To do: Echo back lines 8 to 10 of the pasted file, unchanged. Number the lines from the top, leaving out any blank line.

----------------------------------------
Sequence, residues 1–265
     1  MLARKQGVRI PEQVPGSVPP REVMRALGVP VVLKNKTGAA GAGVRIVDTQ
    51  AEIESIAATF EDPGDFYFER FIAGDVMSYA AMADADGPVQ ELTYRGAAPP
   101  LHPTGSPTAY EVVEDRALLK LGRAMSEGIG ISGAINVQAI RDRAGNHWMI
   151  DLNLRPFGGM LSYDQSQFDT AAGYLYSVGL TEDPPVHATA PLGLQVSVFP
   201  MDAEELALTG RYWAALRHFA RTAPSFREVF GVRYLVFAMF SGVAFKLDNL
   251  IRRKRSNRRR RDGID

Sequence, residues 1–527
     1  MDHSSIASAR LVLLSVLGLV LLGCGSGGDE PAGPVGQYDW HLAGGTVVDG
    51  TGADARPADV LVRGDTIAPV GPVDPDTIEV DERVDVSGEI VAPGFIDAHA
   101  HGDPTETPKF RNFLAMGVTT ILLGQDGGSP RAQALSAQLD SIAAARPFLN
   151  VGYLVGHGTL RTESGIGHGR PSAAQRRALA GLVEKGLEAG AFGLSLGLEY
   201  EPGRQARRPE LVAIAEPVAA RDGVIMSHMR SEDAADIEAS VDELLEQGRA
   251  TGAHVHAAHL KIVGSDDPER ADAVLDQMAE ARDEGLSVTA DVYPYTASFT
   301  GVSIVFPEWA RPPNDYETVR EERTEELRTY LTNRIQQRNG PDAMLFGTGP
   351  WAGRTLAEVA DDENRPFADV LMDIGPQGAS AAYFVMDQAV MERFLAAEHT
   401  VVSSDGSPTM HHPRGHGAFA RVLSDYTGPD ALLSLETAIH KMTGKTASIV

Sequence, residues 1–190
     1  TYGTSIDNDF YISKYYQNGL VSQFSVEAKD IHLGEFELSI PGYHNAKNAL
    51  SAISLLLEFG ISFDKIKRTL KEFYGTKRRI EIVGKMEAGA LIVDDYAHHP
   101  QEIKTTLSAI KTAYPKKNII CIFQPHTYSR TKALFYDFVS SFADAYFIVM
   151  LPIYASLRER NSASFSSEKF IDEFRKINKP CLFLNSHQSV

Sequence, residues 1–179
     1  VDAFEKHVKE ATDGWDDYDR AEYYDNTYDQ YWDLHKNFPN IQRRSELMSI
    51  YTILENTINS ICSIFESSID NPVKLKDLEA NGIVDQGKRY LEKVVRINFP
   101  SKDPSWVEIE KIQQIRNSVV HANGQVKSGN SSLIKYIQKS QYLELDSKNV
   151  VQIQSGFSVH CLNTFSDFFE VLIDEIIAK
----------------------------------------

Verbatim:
Sequence, residues 1–527
     1  MDHSSIASAR LVLLSVLGLV LLGCGSGGDE PAGPVGQYDW HLAGGTVVDG
    51  TGADARPADV LVRGDTIAPV GPVDPDTIEV DERVDVSGEI VAPGFIDAHA